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By Josh Lipson on

Psychedelic, a compound of two Greek words that mean “mind-manifesting,” can safely refer to just about anything these days—from music to t-shirts to TV programming. Humphry Osmond is said to have invented the word in a letter to Aldous Huxley, famously writing, “To fathom hell or soar angelic, take a pinch of psychedelic.”

And thank God he did—the alternatives do us no favors in our movement to normalize mind-expanding compounds like LSDpsilocybinMDMA, and DMT. For example, hallucinogenic suggests brightly-colored cartoon apparitions and other flimsy nothings. Psychotomimetic (i.e. psychosis-mimicking), now long discontinued, inspires even less confidence.

But it’s a laboratory term, clean and objective, that presents the biggest obstacle to the new psychedelic movement—the three letters, LSD. For a huge cohort of people alive in the 60s and 70s, LSD is shorthand for disintegration, psychosis, and cultural panic. And how can you blame them? Just listen to Ronald Reagan and Richard Nixon spell it out. With the federal government fully committed to intimidation and polite society fully onboard, this outsize fear of psychedelics has reverberated through the generations—stopping progress on psychedelic science dead in its tracks.

THE THIRD WAVE

That is, until now: in the last decade, dozens of psychedelic studies have been initiated with partners as unlikely as the Department of Defense; psychedelic culture is booming, and sympathetic scrutinies of psychedelic research are headlining The New Yorker and Rolling Stone.

In liberal circles, it really does seem that the terrifying old myths about LSD are finally being seen for what they are: hallucinations. But if our hope is to ring in a Third Wave of psychedelic culture for a wider audience, we have to confront our traumatic past head-on—that is, with both compassionate understanding and a critical eye for the historical facts.

THINGS WERE BETTER THEN…

LSD wasn’t always such a loaded initialism. When Swiss chemist Albert Hofmann first synthesized LSD (lysergic acid diethylamide) in 1938, he was looking for a drug to help stimulate uterine contractions—and thought nothing else of it until his first ingestion of the colorless, odorless compound on April 19th, 1943 (history’s first LSD trip). And far from prompting his banishment or a canton-wide crackdown, LSD’s discovery only raised Hofmann’s profile at Sandoz—which arranged to have free doses shipped around the world for use in psychotherapy and clinical research.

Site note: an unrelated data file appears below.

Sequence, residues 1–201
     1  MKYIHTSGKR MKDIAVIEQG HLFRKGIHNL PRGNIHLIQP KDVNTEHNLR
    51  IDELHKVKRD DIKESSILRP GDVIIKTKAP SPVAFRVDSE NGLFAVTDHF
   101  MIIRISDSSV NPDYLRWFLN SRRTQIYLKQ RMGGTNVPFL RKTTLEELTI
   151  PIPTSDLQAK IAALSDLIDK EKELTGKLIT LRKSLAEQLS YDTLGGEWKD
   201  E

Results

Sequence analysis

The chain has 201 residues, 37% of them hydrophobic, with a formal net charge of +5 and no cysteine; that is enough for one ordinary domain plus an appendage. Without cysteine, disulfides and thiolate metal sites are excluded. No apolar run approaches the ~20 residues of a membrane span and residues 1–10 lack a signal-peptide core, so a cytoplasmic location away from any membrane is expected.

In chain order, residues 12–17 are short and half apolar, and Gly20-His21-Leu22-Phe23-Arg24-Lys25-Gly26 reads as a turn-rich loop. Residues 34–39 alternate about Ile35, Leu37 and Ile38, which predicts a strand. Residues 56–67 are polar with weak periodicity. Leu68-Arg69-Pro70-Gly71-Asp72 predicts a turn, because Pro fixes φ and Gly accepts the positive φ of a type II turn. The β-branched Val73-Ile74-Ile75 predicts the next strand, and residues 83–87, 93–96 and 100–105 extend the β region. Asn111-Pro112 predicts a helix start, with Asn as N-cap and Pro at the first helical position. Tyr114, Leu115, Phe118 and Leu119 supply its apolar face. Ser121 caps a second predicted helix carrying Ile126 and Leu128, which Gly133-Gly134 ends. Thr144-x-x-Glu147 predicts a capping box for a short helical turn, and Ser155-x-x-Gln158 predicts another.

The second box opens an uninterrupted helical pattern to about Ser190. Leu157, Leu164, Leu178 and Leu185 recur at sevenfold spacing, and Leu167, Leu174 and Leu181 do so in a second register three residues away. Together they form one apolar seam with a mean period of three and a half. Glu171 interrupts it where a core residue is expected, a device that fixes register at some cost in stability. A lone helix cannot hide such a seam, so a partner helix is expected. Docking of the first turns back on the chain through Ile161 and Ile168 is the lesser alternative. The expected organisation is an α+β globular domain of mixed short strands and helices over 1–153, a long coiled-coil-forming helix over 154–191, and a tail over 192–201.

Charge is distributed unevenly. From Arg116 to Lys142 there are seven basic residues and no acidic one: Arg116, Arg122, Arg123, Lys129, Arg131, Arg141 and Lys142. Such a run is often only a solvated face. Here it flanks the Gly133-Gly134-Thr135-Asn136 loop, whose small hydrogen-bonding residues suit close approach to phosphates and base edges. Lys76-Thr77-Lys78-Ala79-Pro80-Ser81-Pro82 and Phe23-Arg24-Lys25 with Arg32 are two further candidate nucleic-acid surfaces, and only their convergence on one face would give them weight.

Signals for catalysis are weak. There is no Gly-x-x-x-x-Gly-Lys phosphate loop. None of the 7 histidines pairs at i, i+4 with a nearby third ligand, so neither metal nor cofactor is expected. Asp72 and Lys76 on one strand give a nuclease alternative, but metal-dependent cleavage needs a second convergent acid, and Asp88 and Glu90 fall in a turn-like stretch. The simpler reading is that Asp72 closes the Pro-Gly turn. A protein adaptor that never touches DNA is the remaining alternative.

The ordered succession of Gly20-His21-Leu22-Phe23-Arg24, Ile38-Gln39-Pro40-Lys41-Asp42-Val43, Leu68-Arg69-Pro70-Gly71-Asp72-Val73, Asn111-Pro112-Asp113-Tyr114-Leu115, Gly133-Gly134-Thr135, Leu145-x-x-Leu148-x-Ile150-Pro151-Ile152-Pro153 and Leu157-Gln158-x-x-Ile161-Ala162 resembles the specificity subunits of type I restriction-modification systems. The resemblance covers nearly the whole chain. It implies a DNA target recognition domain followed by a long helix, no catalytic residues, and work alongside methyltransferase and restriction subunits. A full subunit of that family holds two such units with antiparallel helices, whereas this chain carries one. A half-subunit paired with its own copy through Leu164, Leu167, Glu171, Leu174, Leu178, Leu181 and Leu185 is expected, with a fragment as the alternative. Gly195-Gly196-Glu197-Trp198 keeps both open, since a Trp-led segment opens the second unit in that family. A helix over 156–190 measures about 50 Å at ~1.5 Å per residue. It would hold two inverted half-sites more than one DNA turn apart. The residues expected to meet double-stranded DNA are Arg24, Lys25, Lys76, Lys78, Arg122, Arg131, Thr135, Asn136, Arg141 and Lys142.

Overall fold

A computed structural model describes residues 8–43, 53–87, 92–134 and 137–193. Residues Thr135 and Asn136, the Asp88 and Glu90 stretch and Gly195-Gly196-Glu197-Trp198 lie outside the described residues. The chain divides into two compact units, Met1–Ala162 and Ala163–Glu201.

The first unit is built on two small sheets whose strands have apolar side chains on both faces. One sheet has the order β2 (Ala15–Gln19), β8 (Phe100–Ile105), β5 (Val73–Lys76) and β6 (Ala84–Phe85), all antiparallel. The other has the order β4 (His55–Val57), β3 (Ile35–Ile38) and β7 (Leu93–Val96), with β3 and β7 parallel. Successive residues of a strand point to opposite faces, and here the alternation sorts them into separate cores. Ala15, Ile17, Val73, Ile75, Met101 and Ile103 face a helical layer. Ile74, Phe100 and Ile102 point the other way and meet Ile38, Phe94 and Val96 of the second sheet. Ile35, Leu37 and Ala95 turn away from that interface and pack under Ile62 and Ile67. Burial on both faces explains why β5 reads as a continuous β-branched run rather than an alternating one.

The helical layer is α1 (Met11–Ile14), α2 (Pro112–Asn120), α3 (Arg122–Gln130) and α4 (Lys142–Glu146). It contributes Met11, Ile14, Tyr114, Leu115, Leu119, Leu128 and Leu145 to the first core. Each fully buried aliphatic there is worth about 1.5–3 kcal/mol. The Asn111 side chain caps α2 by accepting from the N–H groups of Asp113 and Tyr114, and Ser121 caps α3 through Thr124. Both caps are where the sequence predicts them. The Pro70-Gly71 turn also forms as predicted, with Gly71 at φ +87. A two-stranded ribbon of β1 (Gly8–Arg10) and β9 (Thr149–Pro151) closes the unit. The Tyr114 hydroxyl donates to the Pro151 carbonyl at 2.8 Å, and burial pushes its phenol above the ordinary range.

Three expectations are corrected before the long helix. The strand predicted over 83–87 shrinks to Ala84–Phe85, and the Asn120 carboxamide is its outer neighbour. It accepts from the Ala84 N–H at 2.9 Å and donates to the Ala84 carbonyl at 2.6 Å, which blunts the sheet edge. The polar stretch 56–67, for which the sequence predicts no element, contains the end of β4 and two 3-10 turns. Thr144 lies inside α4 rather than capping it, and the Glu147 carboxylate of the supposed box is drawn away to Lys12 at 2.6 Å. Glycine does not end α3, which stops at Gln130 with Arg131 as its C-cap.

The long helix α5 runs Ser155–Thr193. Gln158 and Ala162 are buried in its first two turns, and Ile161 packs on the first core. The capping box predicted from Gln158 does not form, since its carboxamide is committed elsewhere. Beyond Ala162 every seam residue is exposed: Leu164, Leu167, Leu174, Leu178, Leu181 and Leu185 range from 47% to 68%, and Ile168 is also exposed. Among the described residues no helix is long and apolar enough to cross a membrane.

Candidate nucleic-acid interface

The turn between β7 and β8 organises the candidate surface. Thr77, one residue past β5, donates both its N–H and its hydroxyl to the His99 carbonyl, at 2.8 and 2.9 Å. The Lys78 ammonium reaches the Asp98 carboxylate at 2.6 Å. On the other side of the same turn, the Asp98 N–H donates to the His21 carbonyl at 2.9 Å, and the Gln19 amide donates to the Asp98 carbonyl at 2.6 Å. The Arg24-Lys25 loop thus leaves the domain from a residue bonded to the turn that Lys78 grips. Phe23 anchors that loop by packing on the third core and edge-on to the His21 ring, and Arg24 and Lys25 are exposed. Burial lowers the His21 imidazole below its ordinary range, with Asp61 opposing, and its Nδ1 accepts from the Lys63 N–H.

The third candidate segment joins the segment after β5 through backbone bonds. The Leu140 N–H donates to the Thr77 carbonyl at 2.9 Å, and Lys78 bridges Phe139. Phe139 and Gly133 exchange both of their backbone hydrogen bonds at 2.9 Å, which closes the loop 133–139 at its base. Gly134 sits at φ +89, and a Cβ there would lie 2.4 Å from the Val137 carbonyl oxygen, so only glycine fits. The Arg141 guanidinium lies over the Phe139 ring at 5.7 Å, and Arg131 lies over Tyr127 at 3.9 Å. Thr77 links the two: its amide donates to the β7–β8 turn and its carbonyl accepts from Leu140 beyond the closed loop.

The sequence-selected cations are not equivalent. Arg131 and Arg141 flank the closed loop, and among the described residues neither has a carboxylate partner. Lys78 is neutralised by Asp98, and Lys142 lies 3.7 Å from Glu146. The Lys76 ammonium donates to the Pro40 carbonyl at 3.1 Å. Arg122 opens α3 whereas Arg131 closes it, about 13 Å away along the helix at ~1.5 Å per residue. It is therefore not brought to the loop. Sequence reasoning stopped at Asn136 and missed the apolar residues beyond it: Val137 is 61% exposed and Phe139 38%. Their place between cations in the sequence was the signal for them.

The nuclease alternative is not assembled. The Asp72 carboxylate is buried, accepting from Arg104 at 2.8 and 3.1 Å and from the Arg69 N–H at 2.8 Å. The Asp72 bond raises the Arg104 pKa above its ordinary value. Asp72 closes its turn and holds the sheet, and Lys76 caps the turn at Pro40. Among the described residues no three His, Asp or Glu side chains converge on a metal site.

Even in the conservative consensus years of the 1950s and early 1960s, LSD was treated in generally positive—and at worst, clinically neutral—terms. This was largely due to a bevy of studies which variously claimed that psychedelics were effective in treating alcoholism, autism, depression, and criminal tendencies—the ultimate Tomorrowland elixir in a culture obsessed with better living through chemistry.

Take the 1954 Time Magazine medicine column, “Dream Stuff,” which introduces mescaline as a “psychiatrist’s tool” and opens with a sympathetic quote from The Doors of Perception: “I [was] in a world where everything shone with the Inner Light”. Or the 1957 Life Magazine essay, “Seeking the Magic Mushroom,” in which Gordon Wasson lushly describes his first encounter with the psilocybin mushroom rituals of southern Mexico. A cheerful photo inset carries the title, “Rare vision-giving fungi shown for first time.”

Or the 1960 Time column, “The Psyche in 3-D,” which fawningly uncovers the quiet network of LSD psychiatrists treating Hollywood, powering burned-out old stars like Cary Grant through midlife awakenings on the therapy couch. To say nothing of “The Chemical Mind-Changers,” a 10-page Life feature about the new science of applied neurochemistry, which spends a bit of time on Skinner’s behaviorism and prescription tranquilizers, but is most interested in assessing LSD’s potential as a “mind-changer.” Drawing on 5,000 research cases, the author deems psychedelics “safe when given to a healthy selected group,” and writes, “for ‘normal’ people, the hallucinogens can give a rewarding esthetic, philosophical, or religious experience—such as a sudden sense of comprehension of the nature of God.”

From these surprising black-and-white features, clinically skeptical but free of trauma and moral panic, we can trace a direct line to contemporary coverage by mainstream figures like Michael Pollan, Ayelet Waldman, and Sanjay Gupta. And the fact that a fear-free, evidence-based approach to psychedelics was once possible during the days of Ward Cleaver and Ed Sullivan should leave us optimistic about our prospects of getting psychedelics right in the techno-libertine ‘teens of the new millennium.

So why the 50-year wait? In other words, what went wrong in the first place?

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